David Just and Brian Wansink, both of Cornell University's Food and Brand Lab, in Ithaca, N.Y., examined the lunch purchases of 2,314 students in grades 1-12 to see how payment methods impacted food choice.
The study, scheduled to be published in the journal Obesity, found schools that completely converted to debit systems -- as opposed to those that gave students the option to pay with cash instead -- fruit purchases were 13 percent lower and vegetable purchases were 20 percent lower. Students at debit-only schools were also more likely to purchase less healthy food options, such as candy, dessert and fried foods, the study said.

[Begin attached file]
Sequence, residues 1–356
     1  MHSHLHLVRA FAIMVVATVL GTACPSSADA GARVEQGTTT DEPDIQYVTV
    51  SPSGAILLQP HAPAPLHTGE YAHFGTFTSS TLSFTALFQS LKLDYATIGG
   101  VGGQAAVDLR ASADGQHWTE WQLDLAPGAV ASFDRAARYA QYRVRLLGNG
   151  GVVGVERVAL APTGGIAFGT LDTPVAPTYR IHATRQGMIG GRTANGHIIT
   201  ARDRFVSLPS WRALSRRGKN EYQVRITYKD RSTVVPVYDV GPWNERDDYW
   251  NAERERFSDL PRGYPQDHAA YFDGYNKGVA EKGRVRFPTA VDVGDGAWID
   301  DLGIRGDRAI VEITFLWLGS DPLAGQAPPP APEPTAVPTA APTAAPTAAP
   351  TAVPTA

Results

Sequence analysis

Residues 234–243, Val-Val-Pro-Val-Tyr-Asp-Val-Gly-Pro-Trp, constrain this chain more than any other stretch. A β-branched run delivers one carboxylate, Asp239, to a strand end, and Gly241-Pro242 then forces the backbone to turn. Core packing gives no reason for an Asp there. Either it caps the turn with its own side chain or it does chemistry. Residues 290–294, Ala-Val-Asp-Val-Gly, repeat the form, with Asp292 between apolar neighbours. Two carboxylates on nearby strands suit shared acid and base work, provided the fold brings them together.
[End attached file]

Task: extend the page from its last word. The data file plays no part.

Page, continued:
The study also found the lunches of students at debit-only schools contained 63 more calories from these less healthy foods and 32 fewer calories from healthier options, Wansink said.
Just and Wansink said the degree of parental guidance at lunchtime might be partly responsible for the study findings. If parents give children a certain amount of cash for lunch each day, they can monitor their kids' daily expenditure more closely, resulting in better lunch choices, the researchers said.
However, debit systems eliminate the restrictions of a daily cash allowance, providing kids the opportunity to spend their lunch money as they please.
A debit system which allowed parents to set daily limits or food-specific restrictions might be a compromise between convenience and guidance. Or using a "cash for cookies" rule might nudge students towards healthier foods by making them pause before impulse-purchasing less healthy options, the researchers said.
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